But First, A Word From Our (Corporate) Sponsor

Before we go any deeper into the subject of poverty, before your thoughts on the subject have a chance to form and coalesce, before an unfamiliar picture has a chance to position itself in the forefront of your mind, we’re going to take a short break. We’ll be right back.

The word from our (corporate) sponsor, which is, to quote Hamlet, “Why, anything, but to th’ purpose” is the word that interrupts. It is not the content of the interruption, but the interruption itself which counts. By interrupting, “the word from our (corporate) sponsor” negates, disintegrates, and thus subordinates any
purpose that could potentially undermine the signs and sirens of consumerism. Relish the diversion. Inhale the distraction. Taste the impotence of cultural criticism. Recover your distance from social responsibility and return to the only game in town. Return again to the fridge. Welcome back.

If the fact that Psalm 139 was composed over two thousand years ago was overlooked, then it would be completely understandable for someone to conclude that this psalm is describing the marketing industry, the evangelical arm of Mammon, in the secular age:

O Lord, you have searched me
and you know me.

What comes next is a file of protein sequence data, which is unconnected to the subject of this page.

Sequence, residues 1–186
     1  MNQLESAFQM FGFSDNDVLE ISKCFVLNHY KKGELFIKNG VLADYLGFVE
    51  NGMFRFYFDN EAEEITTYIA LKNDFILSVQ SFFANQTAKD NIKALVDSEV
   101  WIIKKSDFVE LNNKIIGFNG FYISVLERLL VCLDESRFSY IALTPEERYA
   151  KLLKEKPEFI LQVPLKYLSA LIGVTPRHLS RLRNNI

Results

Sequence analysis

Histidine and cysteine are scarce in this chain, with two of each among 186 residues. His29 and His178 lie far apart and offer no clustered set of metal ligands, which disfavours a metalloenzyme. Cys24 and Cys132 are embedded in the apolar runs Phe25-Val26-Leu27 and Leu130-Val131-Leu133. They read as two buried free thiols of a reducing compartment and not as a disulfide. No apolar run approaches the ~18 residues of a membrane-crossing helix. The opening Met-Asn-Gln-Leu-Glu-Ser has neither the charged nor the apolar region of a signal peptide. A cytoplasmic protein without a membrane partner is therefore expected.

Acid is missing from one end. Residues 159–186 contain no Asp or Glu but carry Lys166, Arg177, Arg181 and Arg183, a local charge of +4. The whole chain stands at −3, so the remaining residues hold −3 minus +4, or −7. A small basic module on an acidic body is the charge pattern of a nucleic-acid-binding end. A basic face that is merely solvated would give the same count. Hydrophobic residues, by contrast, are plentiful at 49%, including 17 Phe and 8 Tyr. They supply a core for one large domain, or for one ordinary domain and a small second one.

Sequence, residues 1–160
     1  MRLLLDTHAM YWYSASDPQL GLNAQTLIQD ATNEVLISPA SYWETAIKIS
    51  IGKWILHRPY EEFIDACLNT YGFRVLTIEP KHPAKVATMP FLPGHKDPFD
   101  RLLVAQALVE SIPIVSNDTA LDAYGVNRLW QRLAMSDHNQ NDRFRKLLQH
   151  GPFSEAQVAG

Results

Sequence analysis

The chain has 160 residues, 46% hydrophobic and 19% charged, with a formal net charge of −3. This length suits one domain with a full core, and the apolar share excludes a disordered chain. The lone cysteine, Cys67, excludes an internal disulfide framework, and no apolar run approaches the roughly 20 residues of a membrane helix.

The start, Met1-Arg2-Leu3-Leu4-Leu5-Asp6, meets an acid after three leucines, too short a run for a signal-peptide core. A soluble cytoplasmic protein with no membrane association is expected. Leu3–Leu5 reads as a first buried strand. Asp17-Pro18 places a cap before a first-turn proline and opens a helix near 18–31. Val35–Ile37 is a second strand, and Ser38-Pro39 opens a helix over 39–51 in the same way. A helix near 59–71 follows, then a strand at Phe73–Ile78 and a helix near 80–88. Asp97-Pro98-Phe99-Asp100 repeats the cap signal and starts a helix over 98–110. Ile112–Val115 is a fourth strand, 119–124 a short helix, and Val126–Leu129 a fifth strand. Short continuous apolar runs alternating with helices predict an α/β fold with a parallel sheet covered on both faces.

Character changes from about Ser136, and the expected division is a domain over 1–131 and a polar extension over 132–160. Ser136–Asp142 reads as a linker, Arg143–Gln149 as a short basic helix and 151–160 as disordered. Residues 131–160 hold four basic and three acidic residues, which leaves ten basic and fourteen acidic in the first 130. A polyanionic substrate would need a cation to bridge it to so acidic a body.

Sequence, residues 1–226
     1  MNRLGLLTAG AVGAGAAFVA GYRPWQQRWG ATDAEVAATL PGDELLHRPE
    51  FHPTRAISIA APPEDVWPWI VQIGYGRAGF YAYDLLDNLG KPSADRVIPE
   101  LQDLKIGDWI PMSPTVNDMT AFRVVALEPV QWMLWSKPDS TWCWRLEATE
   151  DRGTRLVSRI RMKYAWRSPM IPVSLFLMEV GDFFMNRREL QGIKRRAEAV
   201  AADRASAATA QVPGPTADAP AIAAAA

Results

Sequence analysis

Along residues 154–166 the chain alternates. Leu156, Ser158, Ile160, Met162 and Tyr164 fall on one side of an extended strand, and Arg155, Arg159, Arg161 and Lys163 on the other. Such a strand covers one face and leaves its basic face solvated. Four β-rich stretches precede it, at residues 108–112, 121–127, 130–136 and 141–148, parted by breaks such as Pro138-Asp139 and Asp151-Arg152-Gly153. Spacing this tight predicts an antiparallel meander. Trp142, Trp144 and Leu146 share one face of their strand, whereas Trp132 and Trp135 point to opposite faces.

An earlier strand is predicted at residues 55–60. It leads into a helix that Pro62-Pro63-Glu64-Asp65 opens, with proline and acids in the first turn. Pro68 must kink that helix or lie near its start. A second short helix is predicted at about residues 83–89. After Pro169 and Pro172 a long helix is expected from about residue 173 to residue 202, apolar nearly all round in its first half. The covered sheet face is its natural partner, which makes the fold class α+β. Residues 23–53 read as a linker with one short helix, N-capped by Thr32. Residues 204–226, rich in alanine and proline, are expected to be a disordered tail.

You know when I sit and when I rise;
you perceive my thoughts from afar.
You discern my going out and my lying down;
You are familiar with all my ways…

The signs and the sirens of consumerism hem us in, behind and before. They know when and where we sit, when and where we rise, when and where we walk, and when and where we drive. The marketing industry is familiar with all our ways.

The evangelists of Mammon announce what’s new, what’s coming soon, and what to prepare for. Where would we be without them to show us the way? Step by seasonal step, they lead us. And this is how Mammon builds and maintains a cultural consensus, one, it must be added, that marginalizes the poor.

The Poverty and Its Associates - P&A series is being written by Len Van Harten and the posts don't necessarily reflect the position of the London Poverty Research Centre. Len lives in Thorndale, Ontario. He has worked in group homes, in classrooms, and in nonprofit housing. He believes that if you aren’t confused, you aren’t paying close enough attention to the world around you.